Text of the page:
coronavirus stimulus

Stimulus Talks Have Become a Huge Mess

Trump may cannibalize state and local assistance to extend unemployment insurance. Photo: Samuel Corum/Getty Images

Heading into a weekend during which Congress was originally supposed to head off on a long August recess, coronavirus stimulus talks between the White House and congressional Democrats have all but ground to a halt, as Trump mulls executive actions sure to be challenged in court and a glass-half-full, glass-half-empty jobs report for July arrives that will probably drive the two parties further apart. It’s a big, fat mess all around, with next steps entirely unclear.

On the negotiating front, Politico reports that both sides seem inclined to focus on blaming the breakdown in talks on each other:

TEN MEETINGS between Speaker NANCY PELOSI, Senate Minority Leader CHUCK SCHUMER, White House chief of staff MARK MEADOWS and Treasury Secretary STEVEN MNUCHIN over two weeks have yielded little more than bickering and resentment.

AT JUST BEFORE 8:30 THURSDAY NIGHT, after a three-hour meeting, negotiators emerged to say they had made progress on small-bore items, but remain trillions of dollars apart on an overall package, and still had no agreement on the big items like enhanced unemployment insurance and state and local funding.

FOR NOW, there won’t be another Covid stimulus bill, and now both sides will have to figure out how to position themselves amid the rubble of what might be Congress’ biggest swing and miss in a decade.

The potential deal that areas of agreement pointed toward would have deeply disappointed Democrats by likely eliminating further stimulus until after the elections, while perhaps encouraging a congressional Republican revolt that would have imperiled passage of the deal in the Senate:

THERE WAS A REALLY, REALLY EASY package here that was a bit too much for Republicans, and far too little for Democrats, but would’ve easily passed: PPP renewal, direct payments [of a second round of $1200 stimulus checks], extension of enhanced unemployment, $105 billion in education funding, eviction moratorium, testing money, $200 billion in state and local, $10 billion for USPS and SNAP money.

The July jobs report probably gives Senate conservatives what they were looking for by way of evidence that the economy is recovering slowly but surely without further stimulus, while giving Democrats and perhaps some vulnerable Republican candidates grounds for arguing that the recovery is stalling and will soon plunge the economy back into a free fall.

But as everyone in Washington assesses the rapidly evolving situation, complicated by perilous school reopenings around the country, Donald Trump could change the equation overnight with executive actions focused on implementing his pet idea of a federal payroll tax cut while addressing expiring CARES Act provisions. According to most reports, Trump’s orders would extend federal unemployment-insurance supplements, a moratorium on evictions in federally assisted rental housing, and another moratorium on student loan payments. Aside from questions about his legal authority to do any of this, Trump’s tentative plans would fund the most expensive part of this plan, the UI benefits, by recouping CARES Act funds from state and local governments at the very time they are begging for many hundreds of billions more in federal assistance, as Caitlin Emma explains:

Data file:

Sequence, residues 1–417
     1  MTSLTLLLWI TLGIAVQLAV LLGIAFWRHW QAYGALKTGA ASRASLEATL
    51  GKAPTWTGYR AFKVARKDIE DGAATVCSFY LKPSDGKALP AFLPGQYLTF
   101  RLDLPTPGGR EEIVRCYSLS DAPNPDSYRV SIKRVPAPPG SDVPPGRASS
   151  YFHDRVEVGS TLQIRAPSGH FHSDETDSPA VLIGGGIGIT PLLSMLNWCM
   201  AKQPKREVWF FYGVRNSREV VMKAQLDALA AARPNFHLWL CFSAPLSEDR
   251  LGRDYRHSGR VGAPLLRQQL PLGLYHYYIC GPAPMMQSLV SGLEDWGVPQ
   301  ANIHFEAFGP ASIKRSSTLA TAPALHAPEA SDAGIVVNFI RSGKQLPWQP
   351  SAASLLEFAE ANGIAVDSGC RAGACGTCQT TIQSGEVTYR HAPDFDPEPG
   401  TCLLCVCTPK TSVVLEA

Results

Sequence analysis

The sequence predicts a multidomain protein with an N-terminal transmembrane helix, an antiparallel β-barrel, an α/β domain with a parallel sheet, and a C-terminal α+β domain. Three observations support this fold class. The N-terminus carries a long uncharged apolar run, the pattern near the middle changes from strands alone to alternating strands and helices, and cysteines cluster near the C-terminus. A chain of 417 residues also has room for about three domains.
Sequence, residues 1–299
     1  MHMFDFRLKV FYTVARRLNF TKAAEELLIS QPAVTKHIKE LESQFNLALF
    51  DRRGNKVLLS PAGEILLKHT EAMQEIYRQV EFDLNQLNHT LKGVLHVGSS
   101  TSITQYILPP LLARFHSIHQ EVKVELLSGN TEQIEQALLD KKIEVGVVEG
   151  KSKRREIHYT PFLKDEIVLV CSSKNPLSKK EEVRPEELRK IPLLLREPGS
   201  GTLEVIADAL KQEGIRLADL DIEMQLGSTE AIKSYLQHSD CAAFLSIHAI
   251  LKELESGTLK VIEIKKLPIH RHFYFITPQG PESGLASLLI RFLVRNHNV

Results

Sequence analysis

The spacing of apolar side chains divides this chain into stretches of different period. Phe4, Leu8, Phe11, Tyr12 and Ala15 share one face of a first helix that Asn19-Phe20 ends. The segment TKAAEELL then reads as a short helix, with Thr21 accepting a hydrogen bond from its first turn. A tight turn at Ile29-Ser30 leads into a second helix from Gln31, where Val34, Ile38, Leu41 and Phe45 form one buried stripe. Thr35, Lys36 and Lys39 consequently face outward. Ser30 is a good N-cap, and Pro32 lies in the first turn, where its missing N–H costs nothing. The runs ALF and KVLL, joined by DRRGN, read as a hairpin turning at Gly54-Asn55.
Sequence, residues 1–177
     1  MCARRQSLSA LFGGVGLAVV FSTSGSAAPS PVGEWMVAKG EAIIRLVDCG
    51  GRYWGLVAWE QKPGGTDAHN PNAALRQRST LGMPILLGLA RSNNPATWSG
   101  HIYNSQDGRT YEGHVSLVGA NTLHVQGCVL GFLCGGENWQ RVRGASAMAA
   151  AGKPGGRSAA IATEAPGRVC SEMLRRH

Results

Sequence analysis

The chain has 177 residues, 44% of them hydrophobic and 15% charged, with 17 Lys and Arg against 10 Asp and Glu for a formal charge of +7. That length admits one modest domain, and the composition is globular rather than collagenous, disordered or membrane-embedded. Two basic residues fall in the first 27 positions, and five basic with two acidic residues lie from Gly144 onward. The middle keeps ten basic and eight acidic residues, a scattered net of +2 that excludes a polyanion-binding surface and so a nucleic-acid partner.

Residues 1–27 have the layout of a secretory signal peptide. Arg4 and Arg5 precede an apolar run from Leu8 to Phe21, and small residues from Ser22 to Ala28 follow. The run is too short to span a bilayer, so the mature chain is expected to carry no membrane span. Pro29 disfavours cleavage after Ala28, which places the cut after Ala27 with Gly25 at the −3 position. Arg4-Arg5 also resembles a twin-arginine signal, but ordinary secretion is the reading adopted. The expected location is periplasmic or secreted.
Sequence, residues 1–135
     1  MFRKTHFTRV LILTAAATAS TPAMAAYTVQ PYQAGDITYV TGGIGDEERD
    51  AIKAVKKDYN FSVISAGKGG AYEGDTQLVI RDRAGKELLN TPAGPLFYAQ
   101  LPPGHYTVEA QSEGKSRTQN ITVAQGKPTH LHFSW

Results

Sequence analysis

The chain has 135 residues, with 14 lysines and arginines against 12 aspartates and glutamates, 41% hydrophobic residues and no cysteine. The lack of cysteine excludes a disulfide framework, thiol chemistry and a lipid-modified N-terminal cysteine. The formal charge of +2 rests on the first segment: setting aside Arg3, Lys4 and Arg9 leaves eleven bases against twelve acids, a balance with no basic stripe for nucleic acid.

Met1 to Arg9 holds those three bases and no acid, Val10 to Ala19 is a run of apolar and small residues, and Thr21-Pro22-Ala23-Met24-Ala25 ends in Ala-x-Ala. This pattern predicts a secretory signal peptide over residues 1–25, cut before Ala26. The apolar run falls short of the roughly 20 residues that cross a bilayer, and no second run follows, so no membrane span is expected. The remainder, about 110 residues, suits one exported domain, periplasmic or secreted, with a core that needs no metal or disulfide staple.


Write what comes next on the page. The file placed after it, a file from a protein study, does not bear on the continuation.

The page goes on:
The CARES Act passed by Congress in March included a total of $150 billion for state and local governments. The Treasury Department recently released data showing that, as of June 30, only a quarter of that money has been spent.

The Trump administration believes it can tap as much as $81 billion of that unspent money to offer states the ability to take advantage of beefed up unemployment benefits …

But while much of the aid hasn’t been spent, most of the money is already spoken for.

A recent survey by the National Association of Budget Officers found three quarters of the $150 billion has been committed for specific purposes, like health care providers, business relief, distance learning for students, housing assistance and more. And states can technically already use the money for unemployment insurance costs, according to Treasury Department guidance.

States have had to budget carefully while dealing with a tremendous amount of uncertainty amid the coronavirus pandemic. They’re also barred from using any of the funds to plug up enormous budget gaps — a flexibility that many Democrats and Republicans now realize states need. In some cases, states have hesitated to allocate additional cash, with the hopes that such flexibility will materialize.

Indeed, this “flexibility” was on offer in the White House/Senate GOP proposal as a meager alternative to the near-trillion dollars Democrats were proposing for new assistance to state and local governments.

So if an executive order cannibalizes this money to extend UI benefits, both Republican and Democratic state and local leaders are probably going to freak out and head to court, which could rain on any Trump parade designed to show a benevolent president rushing to the aid of suffering multitudes while The Swamp is mired in gridlock.

The next few days could determine where the two parties wind up positioning themselves on stimulus measures heading into the end of the fiscal year and then the pre-election stretch, even as many millions of Americans wonder about that second stimulus check everyone supposedly agrees should go out.

Stimulus Talks Have Become a Huge Mess